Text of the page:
Greene’s Villahermosa was a rotting cesspool of giant beetles exploding underfoot, black clouds of mosquitoes, and vultures hovering over the heads of the drunks and the soon-to-be-dead. Obviously, not much had changed.
Cash in hand, I took a cab back out to the dingy little airport to retrieve my rental car and begin my journey to San Cristobal. I approached the Eurocar desk where I had made my reservation, showed the man my confirmation papers, filled out the necessary paperwork and said “Where’s my car?” The man replied that there was still the issue of insurance. He jabbed at his computer keyboard, then turned the screen to face me. The insurance tab ran to $660. The cost of the car alone for 10 days was only $232.
That’s insane, I told the clerk, who shrugged indifferently and announced that there was an alternative. Instead of buying the insurance, I could put up a $5000 cash deposit. “Fuck it”, I said, walking away, “I’ll take the bus.”
“How often do the ADO buses run to San Cristobal?” I asked the next cabbie. He replied that he thought it was, like, once an hour. “To the ADO station then!” I said.
We arrived at the bus station around 1:00 PM and I proceeded to the ticket window and asked when the next bus left for San Cristobal. The agent told me the next bus left at 11:30 that night, 10 hours away.
I stepped outside to the curb and had a what-the-fuck-am-I-going-to-do-now moment, the first of many such moments to come in the days ahead. I had been sleepless, starving, dehydrated, and coughing up blood for 3 days and I didn’t think I had the physical stamina to sit in a bus station for 10 hours, much less endure an 8 hour bus trip.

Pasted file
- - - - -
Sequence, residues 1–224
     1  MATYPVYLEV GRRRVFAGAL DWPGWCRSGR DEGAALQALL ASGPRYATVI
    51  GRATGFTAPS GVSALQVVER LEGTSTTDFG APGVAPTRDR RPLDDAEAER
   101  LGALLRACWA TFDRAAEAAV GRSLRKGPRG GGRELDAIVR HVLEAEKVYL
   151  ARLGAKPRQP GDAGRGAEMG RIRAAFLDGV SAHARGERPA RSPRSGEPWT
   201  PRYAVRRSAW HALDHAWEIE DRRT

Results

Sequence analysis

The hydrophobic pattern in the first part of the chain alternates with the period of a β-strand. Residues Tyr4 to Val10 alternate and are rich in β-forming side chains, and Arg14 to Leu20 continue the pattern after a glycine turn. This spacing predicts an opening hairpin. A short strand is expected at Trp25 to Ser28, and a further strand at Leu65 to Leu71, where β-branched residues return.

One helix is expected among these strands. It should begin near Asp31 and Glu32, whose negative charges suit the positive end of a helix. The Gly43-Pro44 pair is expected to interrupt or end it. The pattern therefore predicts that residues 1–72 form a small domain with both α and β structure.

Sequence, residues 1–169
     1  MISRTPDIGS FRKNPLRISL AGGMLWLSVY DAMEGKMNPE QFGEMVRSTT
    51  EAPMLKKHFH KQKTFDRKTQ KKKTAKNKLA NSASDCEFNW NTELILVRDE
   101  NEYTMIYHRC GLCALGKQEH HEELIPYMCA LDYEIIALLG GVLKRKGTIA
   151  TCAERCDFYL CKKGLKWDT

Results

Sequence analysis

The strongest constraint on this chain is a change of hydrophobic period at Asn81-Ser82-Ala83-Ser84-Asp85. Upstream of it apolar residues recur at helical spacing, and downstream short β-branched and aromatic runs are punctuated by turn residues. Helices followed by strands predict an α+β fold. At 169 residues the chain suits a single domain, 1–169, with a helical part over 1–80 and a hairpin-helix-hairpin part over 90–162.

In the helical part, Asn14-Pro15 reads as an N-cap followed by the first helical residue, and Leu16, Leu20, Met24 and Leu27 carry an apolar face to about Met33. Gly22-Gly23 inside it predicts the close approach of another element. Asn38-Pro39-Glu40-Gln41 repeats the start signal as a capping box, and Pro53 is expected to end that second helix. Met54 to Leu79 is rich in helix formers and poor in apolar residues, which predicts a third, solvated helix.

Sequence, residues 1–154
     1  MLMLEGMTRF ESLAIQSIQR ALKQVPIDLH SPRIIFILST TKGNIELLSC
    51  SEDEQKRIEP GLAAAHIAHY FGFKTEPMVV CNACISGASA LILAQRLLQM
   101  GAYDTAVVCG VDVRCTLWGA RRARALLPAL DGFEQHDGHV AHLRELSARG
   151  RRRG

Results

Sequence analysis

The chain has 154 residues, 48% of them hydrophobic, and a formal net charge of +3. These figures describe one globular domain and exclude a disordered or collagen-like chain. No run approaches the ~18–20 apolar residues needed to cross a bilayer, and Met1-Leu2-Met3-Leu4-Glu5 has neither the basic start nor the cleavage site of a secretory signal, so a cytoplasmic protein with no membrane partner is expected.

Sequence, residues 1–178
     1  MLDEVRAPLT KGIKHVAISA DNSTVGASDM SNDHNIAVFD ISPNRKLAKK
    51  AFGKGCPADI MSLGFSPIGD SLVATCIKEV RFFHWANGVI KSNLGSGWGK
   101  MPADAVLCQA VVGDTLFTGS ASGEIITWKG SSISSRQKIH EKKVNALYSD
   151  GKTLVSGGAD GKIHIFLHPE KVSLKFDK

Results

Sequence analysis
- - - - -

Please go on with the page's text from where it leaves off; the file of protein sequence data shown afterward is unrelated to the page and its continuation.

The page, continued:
Just then. a young man approached me and asked me where I wanted to go. He must have read the terror-stricken look on my face or smelled the desperation seeping through my pores. I told him San Cristobal and he said “follow me”, which I did to a side street about 2 blocks from the bus station. There, in a tiny, darkened office, a woman told me the trip by car to San Cristobal would be 600 pesos (about $45), and in a minute I was sitting in the front seat of a late model Hyundai, and on my way out of the god-forsaken hell hole known as Villahermosa.
The outskirts of town were as unappealing as the city itself: window-less derelict houses, exposed rebar, burned-out fields. dense stands of bamboo, the only color the occasional milpa splattering green against a brown hillside. But shortly, the scenery changed dramatically as the road ascended toward the central highlands of Chiapas, and within another 1/2 hour we were riding along a high crest, looking down at a vast plain called The Central Depression (the irony was not lost on me) at least 6 thousand feet below the roadway. It was spectacular and it took my mind off my misery for a few hours.